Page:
Vermont’s sheep boom led to deforestation as thousands of sheep were put to pasture in the hills. Upon seeing the environmental impact, George Perkins Marsh wrote Man and Nature (1862), a warning about the impacts of clear-cutting the land. This lesson combines informational text and visual images that help students understand how agriculture changes the environment.
How did sheep farming change the land?
William Jarvis imported merino sheep to Vermont and New Hampshire, which were highly profitable because of their hardy nature and fine wool.
Sheep require lots of pasture, which led to the gradual deforestation of Vermont. By the time the sheep boom ended in the 1850s, 70% of Vermont land had been cleared.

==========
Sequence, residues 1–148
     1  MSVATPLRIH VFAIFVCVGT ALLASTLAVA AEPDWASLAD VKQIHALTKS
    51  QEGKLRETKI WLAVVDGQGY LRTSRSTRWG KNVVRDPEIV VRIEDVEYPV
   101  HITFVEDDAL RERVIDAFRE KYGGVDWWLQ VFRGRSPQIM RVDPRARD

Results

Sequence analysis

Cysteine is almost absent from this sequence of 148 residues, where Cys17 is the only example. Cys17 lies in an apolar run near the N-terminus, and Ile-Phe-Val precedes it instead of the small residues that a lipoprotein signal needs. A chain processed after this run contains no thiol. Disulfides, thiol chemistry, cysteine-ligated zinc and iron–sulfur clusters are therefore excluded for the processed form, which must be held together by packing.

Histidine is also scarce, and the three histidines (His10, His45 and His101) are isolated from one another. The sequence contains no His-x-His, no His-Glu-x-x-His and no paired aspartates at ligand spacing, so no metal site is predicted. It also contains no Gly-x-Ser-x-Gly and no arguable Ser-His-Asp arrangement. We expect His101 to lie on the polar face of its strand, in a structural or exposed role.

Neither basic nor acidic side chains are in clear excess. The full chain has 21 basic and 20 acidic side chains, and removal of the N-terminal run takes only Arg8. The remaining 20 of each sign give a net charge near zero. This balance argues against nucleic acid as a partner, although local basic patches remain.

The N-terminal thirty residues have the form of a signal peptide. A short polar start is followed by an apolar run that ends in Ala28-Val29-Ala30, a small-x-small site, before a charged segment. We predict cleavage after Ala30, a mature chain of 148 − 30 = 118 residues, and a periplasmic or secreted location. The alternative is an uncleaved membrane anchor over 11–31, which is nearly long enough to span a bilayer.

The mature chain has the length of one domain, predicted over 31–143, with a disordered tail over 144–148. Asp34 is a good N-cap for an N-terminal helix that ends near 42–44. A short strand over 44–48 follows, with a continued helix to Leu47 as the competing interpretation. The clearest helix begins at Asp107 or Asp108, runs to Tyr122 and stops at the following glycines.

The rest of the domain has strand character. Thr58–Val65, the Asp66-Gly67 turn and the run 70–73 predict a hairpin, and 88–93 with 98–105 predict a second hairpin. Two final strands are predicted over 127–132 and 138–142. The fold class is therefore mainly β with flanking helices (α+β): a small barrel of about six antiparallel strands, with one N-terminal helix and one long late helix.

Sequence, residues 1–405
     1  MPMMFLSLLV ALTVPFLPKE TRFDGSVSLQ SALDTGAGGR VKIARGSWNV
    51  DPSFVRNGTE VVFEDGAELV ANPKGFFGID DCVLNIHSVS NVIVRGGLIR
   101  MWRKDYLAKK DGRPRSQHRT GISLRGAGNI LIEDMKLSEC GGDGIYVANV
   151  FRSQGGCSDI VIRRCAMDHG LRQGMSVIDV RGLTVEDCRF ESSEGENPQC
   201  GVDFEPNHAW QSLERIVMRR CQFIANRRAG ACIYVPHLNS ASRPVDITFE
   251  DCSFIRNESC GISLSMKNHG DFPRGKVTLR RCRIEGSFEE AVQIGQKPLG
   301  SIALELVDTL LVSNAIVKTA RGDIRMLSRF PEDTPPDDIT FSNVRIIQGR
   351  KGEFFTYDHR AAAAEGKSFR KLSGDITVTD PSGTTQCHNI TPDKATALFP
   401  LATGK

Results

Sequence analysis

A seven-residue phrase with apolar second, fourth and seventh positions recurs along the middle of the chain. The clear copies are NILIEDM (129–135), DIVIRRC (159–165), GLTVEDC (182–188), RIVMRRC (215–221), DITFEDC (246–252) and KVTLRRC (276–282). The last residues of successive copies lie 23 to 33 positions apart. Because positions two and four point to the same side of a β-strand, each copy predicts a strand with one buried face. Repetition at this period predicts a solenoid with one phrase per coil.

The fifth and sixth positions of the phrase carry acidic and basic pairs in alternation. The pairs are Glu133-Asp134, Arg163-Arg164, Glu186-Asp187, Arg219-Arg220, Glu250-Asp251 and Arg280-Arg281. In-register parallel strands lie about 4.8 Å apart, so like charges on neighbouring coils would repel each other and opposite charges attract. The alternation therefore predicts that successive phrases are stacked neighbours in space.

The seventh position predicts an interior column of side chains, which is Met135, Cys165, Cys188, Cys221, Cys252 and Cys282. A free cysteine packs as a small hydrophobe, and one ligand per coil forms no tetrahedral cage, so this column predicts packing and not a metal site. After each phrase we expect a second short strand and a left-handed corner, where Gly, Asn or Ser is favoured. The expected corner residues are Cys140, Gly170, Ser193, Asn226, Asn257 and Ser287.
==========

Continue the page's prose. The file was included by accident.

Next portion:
George Perkins Marsh was an important environmentalist who warned of the environmental consequences of deforestation.
Painting: An Early Settler Clears a Forest
Painting: Height of Forest Clearing and Agriculture
Photograph: Montpelier in the late nineteenth century
Visual Thinking Visual Thinking Worksheet: An Early Settler Clears the Forest and Visual Thinking Worksheet: Height of Forest Clearing
- As a class use visual thinking strategies to analyze the “Early Settler” and “Height of Forest Clearing and Agriculture” dioramas. Summarize the two eras of farming and create a list of questions or hypothesize about why the land might look so different in the second image.
- Provide students with the excerpts from Reading the Forested Landscape and the accompanying note-taking worksheets. Discuss their answers and summarize farming during early settlement as compared to the time of the sheep boom.
- What were some pros and cons to the sheep boom? For farmers? For the land?
- Provide students with the excerpt from George Perkins Marsh and the accompanying note-taking worksheet.
- Discuss the quote as a class. Ask how students might change their list of pros and cons.